The biggest difference is in the loads. In the building industry, 100 psf (pounds per square foot) is typical for a commercial building load. In the shoring industry, when you’re working underground with dirt, you can be in the 1,000 psf range without any surcharges.
If you have additional surcharge loads nearby, such as roadways, waterways, buildings or railroads, you can be in the 2,000 to 3000 psf range, depending on the depth. So it’s a different economy of scale.
Completing the formal drawings
United Rentals uses a graphics communication package that enables drafters to design in 3D.
Customers have a better idea of what the shoring system will look like and they have a much better idea of how to be in compliance when they can look at 3D plans instead of 2D plans. That’s one way we are unique; to my knowledge, United Rentals is the only solution provider out there that produces 3D shoring designs.
Once the formal drawings are complete, the PEs seal and certify the entire shoring design package, which includes the drawn plans and the supporting calculations.
Another advantage of working with United Rentals Engineering Department is that it performs design services for other lines of business that offer support to the construction project.
For example, we work hand-in-hand with our Fluid Solution Division on accompanying construction applications like dewatering. In most cases, 99 percent of the time, contractors not only need to support the excavation structurally, they also need to dry out the excavation so they can do their work. United Rentals has Fluid Solutions engineers that can assist with the groundwater control portion of the design. The dewatering plans can also be included in the sealed design package.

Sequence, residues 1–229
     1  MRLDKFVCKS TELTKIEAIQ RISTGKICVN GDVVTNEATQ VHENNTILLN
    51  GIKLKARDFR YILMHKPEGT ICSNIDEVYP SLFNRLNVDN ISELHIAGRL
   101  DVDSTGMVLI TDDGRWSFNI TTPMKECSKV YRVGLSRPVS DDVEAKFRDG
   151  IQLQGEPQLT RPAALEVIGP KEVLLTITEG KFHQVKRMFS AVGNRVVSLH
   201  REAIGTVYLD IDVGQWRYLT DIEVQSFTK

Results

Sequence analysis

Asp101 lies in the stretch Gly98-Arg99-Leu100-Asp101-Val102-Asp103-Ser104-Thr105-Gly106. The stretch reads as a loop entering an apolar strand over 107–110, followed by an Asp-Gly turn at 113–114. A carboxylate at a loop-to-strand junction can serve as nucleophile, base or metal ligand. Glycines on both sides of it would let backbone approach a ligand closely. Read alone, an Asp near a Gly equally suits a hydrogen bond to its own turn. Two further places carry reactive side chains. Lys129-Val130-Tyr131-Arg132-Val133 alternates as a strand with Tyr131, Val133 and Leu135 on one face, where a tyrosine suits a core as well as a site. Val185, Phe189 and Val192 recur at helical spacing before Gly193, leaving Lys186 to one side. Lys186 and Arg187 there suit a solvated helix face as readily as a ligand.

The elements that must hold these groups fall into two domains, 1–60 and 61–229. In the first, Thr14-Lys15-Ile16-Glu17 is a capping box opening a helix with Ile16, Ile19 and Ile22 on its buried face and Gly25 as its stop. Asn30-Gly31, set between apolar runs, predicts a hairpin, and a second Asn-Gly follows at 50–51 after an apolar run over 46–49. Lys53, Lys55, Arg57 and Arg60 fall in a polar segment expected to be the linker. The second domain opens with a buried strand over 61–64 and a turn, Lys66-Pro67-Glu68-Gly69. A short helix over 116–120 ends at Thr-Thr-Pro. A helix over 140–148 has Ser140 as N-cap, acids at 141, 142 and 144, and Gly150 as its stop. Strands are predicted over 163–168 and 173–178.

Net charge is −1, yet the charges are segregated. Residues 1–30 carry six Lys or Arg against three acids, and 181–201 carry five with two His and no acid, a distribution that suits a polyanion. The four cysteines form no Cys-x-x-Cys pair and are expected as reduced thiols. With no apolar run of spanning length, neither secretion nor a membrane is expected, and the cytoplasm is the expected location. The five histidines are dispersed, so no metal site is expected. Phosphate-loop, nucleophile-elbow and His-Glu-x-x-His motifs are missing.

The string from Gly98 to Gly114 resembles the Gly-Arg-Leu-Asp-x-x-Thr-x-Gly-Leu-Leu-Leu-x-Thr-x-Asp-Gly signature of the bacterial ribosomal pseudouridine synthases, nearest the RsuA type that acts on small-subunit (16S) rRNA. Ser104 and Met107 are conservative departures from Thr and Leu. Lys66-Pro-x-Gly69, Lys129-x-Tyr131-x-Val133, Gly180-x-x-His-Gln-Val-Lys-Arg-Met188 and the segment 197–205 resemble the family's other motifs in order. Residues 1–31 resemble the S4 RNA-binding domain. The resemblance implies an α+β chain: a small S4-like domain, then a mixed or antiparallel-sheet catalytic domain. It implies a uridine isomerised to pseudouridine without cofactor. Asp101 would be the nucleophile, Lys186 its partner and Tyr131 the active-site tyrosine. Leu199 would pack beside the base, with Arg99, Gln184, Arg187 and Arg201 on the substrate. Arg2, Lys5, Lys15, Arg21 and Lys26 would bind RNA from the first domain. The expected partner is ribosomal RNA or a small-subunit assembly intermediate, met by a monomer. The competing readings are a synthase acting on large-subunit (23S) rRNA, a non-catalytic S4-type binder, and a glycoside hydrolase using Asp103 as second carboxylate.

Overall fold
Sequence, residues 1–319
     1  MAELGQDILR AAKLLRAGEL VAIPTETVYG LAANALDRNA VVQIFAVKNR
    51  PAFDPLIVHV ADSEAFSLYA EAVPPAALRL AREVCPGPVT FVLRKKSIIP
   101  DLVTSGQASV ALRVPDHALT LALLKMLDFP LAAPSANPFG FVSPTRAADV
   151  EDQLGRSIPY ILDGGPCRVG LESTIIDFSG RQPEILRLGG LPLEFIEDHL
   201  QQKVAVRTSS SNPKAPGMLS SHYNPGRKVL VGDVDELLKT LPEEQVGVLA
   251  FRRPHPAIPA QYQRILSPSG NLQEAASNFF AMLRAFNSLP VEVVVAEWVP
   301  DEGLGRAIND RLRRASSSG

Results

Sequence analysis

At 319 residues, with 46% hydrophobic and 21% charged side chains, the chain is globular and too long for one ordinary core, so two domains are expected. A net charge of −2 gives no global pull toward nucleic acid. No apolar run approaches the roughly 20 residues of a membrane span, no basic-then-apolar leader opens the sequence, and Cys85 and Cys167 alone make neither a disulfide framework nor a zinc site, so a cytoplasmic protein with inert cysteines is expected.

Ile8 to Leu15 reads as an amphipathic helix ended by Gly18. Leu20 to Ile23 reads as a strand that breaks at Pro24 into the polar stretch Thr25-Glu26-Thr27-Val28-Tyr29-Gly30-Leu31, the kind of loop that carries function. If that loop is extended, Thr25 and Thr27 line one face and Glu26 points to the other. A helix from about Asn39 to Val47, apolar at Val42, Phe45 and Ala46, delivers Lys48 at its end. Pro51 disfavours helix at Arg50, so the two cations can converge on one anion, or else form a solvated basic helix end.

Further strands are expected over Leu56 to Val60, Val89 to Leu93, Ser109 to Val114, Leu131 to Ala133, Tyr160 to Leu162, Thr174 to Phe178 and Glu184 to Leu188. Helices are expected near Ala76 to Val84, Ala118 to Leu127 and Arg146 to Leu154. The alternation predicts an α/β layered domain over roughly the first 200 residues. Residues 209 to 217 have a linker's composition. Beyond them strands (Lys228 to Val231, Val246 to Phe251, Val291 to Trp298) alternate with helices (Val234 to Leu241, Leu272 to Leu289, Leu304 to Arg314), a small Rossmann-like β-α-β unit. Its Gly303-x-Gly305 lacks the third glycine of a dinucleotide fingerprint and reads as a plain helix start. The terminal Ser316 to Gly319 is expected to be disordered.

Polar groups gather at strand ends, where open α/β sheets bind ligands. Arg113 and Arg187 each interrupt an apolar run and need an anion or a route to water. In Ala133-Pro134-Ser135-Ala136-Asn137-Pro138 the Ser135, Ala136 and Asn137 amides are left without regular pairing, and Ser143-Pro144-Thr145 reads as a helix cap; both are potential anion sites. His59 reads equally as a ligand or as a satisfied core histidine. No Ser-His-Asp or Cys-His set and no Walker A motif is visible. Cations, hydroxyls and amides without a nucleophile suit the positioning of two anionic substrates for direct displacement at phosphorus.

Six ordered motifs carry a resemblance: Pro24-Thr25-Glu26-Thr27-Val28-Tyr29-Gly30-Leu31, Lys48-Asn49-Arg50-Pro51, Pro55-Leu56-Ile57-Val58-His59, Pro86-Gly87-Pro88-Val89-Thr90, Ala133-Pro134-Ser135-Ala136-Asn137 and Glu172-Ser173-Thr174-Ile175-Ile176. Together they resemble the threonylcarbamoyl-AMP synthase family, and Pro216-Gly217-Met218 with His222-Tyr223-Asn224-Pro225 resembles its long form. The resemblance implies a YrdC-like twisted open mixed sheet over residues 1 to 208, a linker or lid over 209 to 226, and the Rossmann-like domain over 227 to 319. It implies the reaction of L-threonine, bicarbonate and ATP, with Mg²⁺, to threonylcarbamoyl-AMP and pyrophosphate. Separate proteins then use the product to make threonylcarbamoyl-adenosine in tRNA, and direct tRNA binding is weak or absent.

Jumping regulatory hurdles
For public works projects like infrastructure installation or repair, the PE-sealed plans must be sent to regulatory reviewers, who may require changes.
We work across the United States and Canada, and we deal with a lot of different regulatory agencies from state to state and province to province. We get to know these agencies, but there are no universal codes like there are on the building side, such as the International Building Code that most in the building industry follows.
On the shoring side, it really depends who you are submitting to — a municipality, a department of transportation or even an engineering firm that was hired by the owner. They are all looking for different things, so there’s a lot of back and forth on submittals.
The United Rentals engineering team does whatever it takes to get the shoring plans approved and back to the contractors as quickly as possible.
Josh Chandler, PE, leads United Rentals’ Engineering Department staff. The department meets the engineering needs of contractors, industrial and commercial clients by developing, designing and implementing site-specific shoring, shielding and other structural support systems for heavy-construction trench and excavation projects nationwide. Chandler is registered as a Professional Engineer in 48 states as well as in five bordering Canadian provinces.